CRIME

Timberly Claytor Found Dead Not Far From Where Several Ohio Women Vanished

06/01/2015 03:27 pm ET | Updated Jun 01, 2015

CHILLICOTHE, Ohio -- Another woman has turned up dead in this small city, leaving residents on edge as authorities try to determine if the slaying is linked to the recent deaths and disappearances of several other area women.

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"I don't think this is a coincidence that they all knew each other," Jamil Burgin told The Huffington Post. "They need to find out what's going on and they need to end it."

Burgin's ex-girlfriend, 38-year-old Timberly Claytor, was found dead just before noon Friday, alongside a vacant building off Trego Creek Road in Massieville. The small town is located about five miles south of Chillicothe.

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Burgin said that he went to see Claytor's family on Sunday, and they told him she "was last seen getting into a car with a fellow at 3:30 Thursday morning."

According to Burgin, Claytor knew Charlotte Trego, Wanda Lemons and Tiffany Sayre -- three area women who have disappeared in the past year.

Each of those women, according to police, were involved in the same social circles.

"There is somebody out there that is killing these girls, and it needs to stop," Sayre's aunt, Samantha Sayre, told HuffPost. "They are tearing families apart."

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Claytor's body was discovered when a woman spotted a pair of sandals on the side of Trego Creek Road. The woman told WBNS-TV that she stopped to investigate and saw Claytor “laying down face first on the ground, and her arms were underneath of her.”

The Ross County Sheriff's Office did not return multiple requests for comment.

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Mike Ratliff, chief investigator for the Ross County Coroner's Office, said in an email that initial autopsy findings indicate Claytor died as a result of multiple gunshot wounds.

"It will be several weeks before [a] full report will be available," Ratliff said.

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According to Burgin, Claytor had been fighting a heroin addiction.

"She had her struggles, just like the other women," he said. "They had their struggles with drugs and other issues."

Trego, a 27-year-old mother of two, was last seen by her family on May 3, 2014.

"I knew right away something was wrong because it's not like Charlotte not to get in touch with me at all," Trego's mother, Yvonne Boggs, told HuffPost.

On Nov. 3, 2014 -- six months to the day that Trego was last seen, Lemons, 37, disappeared in Chillicothe.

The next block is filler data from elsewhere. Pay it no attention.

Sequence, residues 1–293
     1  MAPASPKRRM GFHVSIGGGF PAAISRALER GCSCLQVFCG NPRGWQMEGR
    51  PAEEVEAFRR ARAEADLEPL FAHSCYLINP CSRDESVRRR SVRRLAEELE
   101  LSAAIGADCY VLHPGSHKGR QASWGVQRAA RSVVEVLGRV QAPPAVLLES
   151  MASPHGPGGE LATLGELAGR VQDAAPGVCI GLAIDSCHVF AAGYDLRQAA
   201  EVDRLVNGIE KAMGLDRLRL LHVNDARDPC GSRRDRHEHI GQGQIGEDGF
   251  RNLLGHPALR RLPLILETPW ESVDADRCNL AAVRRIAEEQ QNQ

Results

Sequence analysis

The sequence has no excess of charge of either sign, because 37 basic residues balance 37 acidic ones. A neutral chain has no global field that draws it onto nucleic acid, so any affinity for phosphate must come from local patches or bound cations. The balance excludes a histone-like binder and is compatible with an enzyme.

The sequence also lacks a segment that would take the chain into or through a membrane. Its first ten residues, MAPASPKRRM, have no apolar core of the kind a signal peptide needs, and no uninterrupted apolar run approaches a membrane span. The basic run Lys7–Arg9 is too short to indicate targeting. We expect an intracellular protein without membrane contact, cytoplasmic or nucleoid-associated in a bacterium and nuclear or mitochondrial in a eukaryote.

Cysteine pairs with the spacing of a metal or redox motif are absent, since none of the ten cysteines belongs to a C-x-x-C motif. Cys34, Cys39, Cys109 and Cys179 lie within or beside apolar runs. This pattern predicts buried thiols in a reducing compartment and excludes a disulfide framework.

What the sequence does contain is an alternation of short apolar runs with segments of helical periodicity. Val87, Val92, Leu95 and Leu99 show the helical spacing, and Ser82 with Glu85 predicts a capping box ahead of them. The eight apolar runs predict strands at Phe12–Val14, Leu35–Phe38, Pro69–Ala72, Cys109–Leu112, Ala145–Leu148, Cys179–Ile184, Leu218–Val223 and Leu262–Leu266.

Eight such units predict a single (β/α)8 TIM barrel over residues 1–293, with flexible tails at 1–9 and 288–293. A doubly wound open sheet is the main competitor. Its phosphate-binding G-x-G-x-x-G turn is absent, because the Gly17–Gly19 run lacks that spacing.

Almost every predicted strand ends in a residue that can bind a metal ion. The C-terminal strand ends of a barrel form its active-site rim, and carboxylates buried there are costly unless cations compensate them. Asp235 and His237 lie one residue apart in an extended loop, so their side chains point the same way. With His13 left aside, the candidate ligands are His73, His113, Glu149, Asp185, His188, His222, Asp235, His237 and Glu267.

Authorities have yet to find any trace of the missing mother of five.

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Lemons' mother, Diana Lemons, told HuffPost she was notified by local media Friday that a body was found along Trego Creek Road. The notification came before authorities made a positive identification.

"It upsets me that the media had to call me and tell me about the body," she said. "Nobody from the police department bothered to contact me, and that is really upsetting. They know my daughter is missing. They have my number. There is no excuse."

It was around midnight on May 11, some six months after Lemons' disappearance, that 26-year-old Tiffany Sayre disappeared in Chillicothe, after meeting someone at the Chillicothe Inn.

"It's unbelievable that she just vanished without a trace," said Samantha Sayre. "It's just not making any sense."

Family members told HuffPost they not only suspect each of the missing women cases in Chillicothe are linked, but they also believe other cases, including the May 2014 death of 30-year-old Tameka Lynch and the December 2014 death of 20-year-old Shasta Himelrick, could be connected.

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"We need help," Lynch's mother, Angela Robinson, told HuffPost. "These girls are disappearing and turning up dead and we can't get any answers."

Robinson and other members of the women's families participated in a community march held in Chillicothe on Saturday morning. Officers from the Chillicothe Police Department and the city mayor, Jack Everson, joined the march as well.

"I think that there's a lot that we can't talk about right now because we are following leads and discerning who is suspect," Everson told HuffPost. "People in Chillicothe have pretty much had it with the disappearing women and the heroin problem, and we're going to step up that game and get some answers for the families of these women."

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Local community members also say they want answers, adding that they are afraid to step outside at night.

"We don't know who's going to be next," Anita Campbell told HuffPost.

Campbell, who described herself as a "concerned mother and grandmother," marched alongside the missing women's families on Saturday.

"I'm here for the community, and we're afraid," Campbell said. "We believe that somebody is doing all this, and we're afraid it's going to get worse before it gets better."

Related on HuffPost:

Missing Chillicothe Women
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